Saturday, July 23, 2011

Social Security, Medicare and the future(s) of the Democratic Party

I don't share Glenn Greenwald's optimism about the possibilities of a meaningful strategic political coalition between Old Right isolationists and the progressive wing of the Democratic Party. But in this article, Barack Obama is gutting the core principles of the Democratic party Guardian 07/22/2011, he gives a good description of how the two-party system in the United States works to restrict the range of political debate considered legitimate by the mainstream media and the punditocracy. And how the "tribal" imperatives of partisan politics works in particular on Democratic activists to push them into defending more conservative issues and candidates.

Obama is now on the verge of injecting what until recently was the politically toxic and unattainable dream of Wall Street and the American right – attacks on the nation's social safety net – into the heart and soul of the Democratic party's platform. Those progressives who are guided more by party loyalty than actual belief will seamlessly transform from virulent opponents of such cuts into their primary defenders.
Glenn also understands what many Democratic bloggers and activists may well be misunderstanding about the gravity of a Democratic President agreeing to cuts in Medicare and himself introducing cuts to Social Security: "And now he is devoting all of his presidential power to cutting the entitlement programmes that have been the defining hallmark of the Democratic party since Franklin Roosevelt's New Deal." I would have preferred that he didn't employ the Republican propaganda word "entitlements" in describing those programs, but he does understand the significance.

Here's Obama's weekly message of 07/23/2011, striking a less than inspiring pose, weakly pretended that the proverbial both sides are at fault in the current impasse. And impasse which was entirely self-chosen by Obama himself. Everyone knows the debt ceiling has to be raised. But Obama wanted to use the cover of negotiations with Republicans to insert a giant step toward his Grand Bargain which begins the phaseout of the Medicare and Social Security programs.

Here's a different approach from a Democratic leader faced by recalcitrant Republicans negotiating in bad faith. This is California Gov. Jerry Brown on 03/29/2011:

Jerry there was pitching for progress on negotiations. But he wasn't making any phony both-sides-are-to-blame equivalencies. He was putting political pressure on Republicans by showing he's willing to inflict political damage on them. But Jerry is a real Democrat. Obama aspires to be the postpartisan leader who earns the respect of Republicans by caving in to them and caving in to them and caving in to them again.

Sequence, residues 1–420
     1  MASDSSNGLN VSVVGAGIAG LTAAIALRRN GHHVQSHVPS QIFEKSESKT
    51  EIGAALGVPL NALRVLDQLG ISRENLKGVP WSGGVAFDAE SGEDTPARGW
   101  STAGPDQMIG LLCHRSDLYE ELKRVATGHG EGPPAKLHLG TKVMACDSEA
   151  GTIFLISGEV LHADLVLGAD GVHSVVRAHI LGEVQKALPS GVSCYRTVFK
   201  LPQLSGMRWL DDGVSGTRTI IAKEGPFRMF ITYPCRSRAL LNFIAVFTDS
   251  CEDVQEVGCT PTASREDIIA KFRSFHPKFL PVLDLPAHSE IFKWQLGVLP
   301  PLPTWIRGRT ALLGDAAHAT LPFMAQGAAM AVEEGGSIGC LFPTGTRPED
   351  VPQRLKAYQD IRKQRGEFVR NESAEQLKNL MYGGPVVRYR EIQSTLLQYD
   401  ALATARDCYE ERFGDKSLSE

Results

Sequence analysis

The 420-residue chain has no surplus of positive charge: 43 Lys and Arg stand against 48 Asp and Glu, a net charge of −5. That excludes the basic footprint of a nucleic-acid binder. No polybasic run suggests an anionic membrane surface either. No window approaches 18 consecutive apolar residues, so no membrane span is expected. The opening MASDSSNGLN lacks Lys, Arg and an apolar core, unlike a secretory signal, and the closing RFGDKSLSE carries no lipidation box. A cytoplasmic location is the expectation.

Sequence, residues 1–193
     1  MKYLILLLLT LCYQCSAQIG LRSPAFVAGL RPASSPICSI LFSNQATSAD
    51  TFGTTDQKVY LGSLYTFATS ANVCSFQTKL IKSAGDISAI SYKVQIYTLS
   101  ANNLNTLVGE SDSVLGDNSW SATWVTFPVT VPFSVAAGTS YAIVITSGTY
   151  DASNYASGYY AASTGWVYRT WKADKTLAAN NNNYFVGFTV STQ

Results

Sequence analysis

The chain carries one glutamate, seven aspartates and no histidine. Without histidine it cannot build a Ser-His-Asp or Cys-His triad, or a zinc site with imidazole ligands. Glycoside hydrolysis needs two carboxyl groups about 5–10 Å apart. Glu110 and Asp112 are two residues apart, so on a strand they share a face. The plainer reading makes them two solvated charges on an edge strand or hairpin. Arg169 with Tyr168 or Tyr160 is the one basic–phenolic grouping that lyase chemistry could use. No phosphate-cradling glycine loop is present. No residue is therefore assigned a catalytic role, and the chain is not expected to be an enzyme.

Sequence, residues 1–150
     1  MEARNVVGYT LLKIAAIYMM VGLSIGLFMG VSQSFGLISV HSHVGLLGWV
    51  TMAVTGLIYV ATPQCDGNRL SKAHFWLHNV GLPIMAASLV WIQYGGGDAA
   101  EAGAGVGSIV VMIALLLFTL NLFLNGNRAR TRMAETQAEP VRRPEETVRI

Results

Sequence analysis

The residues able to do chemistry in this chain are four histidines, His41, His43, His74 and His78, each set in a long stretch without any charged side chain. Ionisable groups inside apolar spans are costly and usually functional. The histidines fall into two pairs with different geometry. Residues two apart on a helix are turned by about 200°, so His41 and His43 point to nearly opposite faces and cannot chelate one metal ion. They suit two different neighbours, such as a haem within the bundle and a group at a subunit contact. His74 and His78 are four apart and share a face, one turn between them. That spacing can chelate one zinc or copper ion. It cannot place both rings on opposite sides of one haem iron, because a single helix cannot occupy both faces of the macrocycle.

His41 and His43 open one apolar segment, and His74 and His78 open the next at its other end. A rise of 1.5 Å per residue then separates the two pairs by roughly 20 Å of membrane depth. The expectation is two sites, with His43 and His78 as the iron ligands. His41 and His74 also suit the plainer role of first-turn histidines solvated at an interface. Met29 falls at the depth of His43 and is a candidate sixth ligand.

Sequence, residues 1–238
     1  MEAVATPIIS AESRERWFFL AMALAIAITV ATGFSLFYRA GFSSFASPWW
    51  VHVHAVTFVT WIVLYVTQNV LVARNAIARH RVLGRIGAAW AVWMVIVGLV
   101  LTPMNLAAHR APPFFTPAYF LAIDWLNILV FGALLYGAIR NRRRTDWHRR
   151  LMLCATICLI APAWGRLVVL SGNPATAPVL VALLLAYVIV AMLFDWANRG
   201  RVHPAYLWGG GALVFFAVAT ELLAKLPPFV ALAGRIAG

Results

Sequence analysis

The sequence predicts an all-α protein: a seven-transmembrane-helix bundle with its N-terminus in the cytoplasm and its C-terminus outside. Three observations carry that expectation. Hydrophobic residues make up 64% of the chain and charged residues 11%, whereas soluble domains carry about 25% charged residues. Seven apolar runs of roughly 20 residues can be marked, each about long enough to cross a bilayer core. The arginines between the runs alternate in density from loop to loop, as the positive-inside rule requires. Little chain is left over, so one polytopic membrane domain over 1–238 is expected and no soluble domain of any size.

If we look at it from a distinctively Left viewpoint, as a left third party would, we could say without doing violence to the facts that both the Democratic and Republican Parties are parties of Big Capital. But both are other things, as well. To the extent organized labor has influence within the two parties, it's almost exclusively within the Democratic Party. The Christian Right and Tea Party types largely have the influence they do within the Republican Party because there are plenty of wealthy Bircher types who give them significant financial support. But they also appeal to a real voting constituency (conservative white people), and a party operating within an electoral system has to be able to command majorities at the polls.

But even if we view corporate dominance of both parties as a fact of life and take it in the most cynical sense, for the Democratic Party to continue to function as a party capable of contending for majority control, it has to get voters from somewhere. By endorsing and pushing heavily for cuts to Social Security and Medicare, President Obama has removed the biggest single distinguishing feature that voters see between the Democratic and Republican Parties.

Add in the effect of the Supreme Court's Citizen's United decision that opens the floodgates for unlimited amounts of partisan corporate advertising in elections, and after the next two Congressional election cycles (2012 and 2014), we could be looking at a Democratic Party reduced to a minority in Congress and unable to contest the Presidency for decades into the future. A long period of one-party dominance by the Republicans. Karl Rove's dream.

I'm hesitant to speculate too much about possible futures for the Democratic Party until after the 2012 elections. But if Obama loses in 2012 and the Republican Party winds up with majorities in both Houses of Congress, doomsday scenarios for the Democratic Party will be in order.

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